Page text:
In 2017 a group of international climate experts and conservationists published an article on Natural Climate Solutions. Their comprehensive analysis of natural climate solutions shows that they can ‘provide over one-third of the cost-effective climate mitigation needed between now and 2030 to stabilize warming to below 2°C’. They propose a set of 20 actions that would ‘increase carbon storage and/or avoid greenhouse gas emissions across global forests, wetlands, grasslands, and agricultural lands’. By far the most beneficial actions concern forests, and the reforestation of land in particular.

Related to this conclusion, several organisations across the world have been focusing on the role of forests and trees in climate mitigation with a view to persuading governments to radically change their approaches to natural asset management.

In the UK the Rewilding Britain group published a report in May 2019 calling for much greater recognition of natural climate solutions. The approach would require the rewilding of significant areas of land across the country, supported by a new set of financial incentives. The report argues that ‘this can be achieved without the loss of high quality, productive farmland or a net reduction in agricultural output’. Indeed it is ‘the least productive marginal lands, where the opportunity cost for food production is comparatively small, that provide the best options for carbon sequestration, rewilding and other ecosystem services’.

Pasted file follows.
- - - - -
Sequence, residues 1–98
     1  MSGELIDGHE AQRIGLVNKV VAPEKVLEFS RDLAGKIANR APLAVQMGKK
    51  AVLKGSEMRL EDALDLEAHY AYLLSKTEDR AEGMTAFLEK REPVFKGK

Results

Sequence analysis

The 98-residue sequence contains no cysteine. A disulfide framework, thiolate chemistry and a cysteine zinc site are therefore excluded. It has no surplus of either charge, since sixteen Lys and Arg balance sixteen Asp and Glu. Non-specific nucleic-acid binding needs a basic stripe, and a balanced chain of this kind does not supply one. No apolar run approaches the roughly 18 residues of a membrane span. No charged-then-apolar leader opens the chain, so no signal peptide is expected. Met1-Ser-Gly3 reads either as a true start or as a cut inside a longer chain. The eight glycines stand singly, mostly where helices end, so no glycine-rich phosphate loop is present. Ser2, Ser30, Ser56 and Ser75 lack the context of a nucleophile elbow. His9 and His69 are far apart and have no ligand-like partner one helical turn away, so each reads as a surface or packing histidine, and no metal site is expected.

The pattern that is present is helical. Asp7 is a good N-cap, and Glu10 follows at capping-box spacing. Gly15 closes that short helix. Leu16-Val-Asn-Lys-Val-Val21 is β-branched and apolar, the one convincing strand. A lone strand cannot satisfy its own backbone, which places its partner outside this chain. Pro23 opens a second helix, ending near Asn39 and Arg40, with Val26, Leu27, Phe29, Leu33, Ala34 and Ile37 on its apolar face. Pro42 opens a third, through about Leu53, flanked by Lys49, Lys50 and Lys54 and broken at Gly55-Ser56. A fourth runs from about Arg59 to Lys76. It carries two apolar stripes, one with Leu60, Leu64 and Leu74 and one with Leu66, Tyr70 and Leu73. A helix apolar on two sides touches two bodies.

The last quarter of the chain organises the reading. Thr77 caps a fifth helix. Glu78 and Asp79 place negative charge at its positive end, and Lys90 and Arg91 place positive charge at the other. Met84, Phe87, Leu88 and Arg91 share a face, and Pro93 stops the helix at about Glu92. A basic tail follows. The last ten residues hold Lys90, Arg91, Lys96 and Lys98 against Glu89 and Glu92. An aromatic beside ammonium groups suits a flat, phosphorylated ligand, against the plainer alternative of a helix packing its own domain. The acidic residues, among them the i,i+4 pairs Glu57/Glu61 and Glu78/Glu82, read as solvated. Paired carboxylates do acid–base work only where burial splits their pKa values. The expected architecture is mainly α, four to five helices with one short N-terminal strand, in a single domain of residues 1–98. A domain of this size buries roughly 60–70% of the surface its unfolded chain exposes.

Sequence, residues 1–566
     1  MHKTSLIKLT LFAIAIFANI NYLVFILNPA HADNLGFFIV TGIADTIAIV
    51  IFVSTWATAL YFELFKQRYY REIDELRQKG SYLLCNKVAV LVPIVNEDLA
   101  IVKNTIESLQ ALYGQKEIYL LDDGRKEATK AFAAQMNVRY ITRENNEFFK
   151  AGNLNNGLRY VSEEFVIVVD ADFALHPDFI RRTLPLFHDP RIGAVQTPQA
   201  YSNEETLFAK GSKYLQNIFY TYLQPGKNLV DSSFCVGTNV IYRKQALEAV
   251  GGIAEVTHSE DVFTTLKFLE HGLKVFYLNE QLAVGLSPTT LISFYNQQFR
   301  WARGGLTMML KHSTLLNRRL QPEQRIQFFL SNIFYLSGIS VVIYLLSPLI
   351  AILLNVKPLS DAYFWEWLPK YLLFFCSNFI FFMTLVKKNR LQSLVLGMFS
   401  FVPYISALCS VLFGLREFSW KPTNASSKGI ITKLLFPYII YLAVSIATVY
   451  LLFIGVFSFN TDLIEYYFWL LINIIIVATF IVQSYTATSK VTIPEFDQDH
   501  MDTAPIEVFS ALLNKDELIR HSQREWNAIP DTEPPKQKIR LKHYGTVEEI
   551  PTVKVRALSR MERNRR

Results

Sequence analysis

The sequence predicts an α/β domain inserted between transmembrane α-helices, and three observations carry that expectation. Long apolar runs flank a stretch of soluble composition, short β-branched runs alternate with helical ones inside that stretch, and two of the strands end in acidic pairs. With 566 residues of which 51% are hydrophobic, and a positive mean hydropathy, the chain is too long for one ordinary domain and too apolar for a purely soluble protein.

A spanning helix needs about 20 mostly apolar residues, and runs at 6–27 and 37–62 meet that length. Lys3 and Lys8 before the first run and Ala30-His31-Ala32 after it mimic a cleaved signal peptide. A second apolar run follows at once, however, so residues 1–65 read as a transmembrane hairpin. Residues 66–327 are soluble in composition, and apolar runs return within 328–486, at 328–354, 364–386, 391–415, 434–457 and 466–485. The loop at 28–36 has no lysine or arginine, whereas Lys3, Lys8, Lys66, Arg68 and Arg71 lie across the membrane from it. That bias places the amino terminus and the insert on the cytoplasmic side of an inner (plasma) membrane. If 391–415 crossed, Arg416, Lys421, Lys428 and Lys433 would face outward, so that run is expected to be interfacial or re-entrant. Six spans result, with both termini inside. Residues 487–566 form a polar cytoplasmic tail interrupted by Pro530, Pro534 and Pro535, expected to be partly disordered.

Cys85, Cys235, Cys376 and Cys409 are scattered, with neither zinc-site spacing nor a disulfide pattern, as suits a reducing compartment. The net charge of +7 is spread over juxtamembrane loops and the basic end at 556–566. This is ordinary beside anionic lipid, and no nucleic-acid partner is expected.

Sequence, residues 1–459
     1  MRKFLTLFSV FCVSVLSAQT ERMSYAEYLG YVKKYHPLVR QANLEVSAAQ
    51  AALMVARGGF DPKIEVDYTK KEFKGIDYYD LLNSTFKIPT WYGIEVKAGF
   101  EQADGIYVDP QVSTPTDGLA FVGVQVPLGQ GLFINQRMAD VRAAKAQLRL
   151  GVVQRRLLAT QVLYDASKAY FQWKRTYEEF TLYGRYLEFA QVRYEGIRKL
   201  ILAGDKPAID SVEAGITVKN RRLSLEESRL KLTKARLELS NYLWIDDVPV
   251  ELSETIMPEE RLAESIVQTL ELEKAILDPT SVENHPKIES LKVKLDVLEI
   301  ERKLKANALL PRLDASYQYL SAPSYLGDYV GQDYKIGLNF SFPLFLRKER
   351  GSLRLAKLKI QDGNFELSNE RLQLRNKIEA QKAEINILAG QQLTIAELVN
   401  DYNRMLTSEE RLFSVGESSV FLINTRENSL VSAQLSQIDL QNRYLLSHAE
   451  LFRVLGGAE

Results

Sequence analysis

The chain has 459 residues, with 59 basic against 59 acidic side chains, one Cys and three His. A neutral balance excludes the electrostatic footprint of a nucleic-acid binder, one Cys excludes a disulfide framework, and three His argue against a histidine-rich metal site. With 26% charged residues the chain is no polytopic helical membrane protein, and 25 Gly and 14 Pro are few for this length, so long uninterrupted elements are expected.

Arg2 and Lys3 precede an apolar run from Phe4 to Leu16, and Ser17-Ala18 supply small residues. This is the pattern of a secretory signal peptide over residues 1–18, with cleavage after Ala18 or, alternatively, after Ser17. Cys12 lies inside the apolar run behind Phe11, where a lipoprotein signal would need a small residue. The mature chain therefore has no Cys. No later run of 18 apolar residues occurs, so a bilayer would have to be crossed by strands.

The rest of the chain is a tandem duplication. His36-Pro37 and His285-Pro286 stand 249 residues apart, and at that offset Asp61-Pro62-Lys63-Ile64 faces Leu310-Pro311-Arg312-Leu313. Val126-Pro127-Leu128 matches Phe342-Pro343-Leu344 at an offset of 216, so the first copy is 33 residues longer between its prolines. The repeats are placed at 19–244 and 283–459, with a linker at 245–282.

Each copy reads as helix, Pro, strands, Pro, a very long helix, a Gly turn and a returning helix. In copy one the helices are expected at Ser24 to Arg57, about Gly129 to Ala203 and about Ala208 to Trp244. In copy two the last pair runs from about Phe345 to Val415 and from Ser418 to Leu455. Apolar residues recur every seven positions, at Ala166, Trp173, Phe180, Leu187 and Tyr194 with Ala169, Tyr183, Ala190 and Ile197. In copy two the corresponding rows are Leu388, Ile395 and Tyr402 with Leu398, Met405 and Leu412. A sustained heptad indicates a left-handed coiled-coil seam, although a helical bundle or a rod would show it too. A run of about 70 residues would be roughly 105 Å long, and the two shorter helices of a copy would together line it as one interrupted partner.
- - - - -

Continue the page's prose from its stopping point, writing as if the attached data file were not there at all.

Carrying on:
These reports may take a little time to influence national policy but many on the ground have grasped the potential of natural climate solutions already. The Knepp Estate is an increasingly well-known example of rewilding in the UK. The 1,400ha estate, south of Horsham in West Sussex, has let nature take over the management of land and, from this, radically changed and diversified the business model for the estate. Wild-range organic meat, camping and safaris are now the focus for income. Whilst the Knepp Estate is a rare example at the moment, the approach is replicable across the less productive marginal agricultural land in the UK.

Beyond agricultural land, the Rewilding Britain report significantly ups the ante for the protection and extension of existing natural habitats in the UK. It also suggests a wide-ranging emphasis on the creation of new habitats. For urban designers, this could mean thinking very differently about approaches at the urban edge and beyond:

  • Conversion of marginal farmland to natural habitats 
  • Reconsideration of Green Belt land and its future role
  • Re-emphasis on habitat creation and natural management in coastal and floodplain environments.

The strategic approach advocated for rewilding also begs questions for how we plan, design and regenerate urban areas. Urban designers will increasingly need to draw on climate experts and ecologists to inform designs. Masterplans will need to consider how wildlife can be more significantly drawn into areas in meaningful and productive ways. The design of green infrastructure networks across masterplans will need to give greater space and emphasis to both climate mitigation and adaptation. This will be an important theme for designers over the coming years and collaboration across disciplines will be key to delivering on it.

URBAN DESIGN 153 Winter 2020 Publication Urban Design Group

As featured in URBAN DESIGN 153 Winter 2020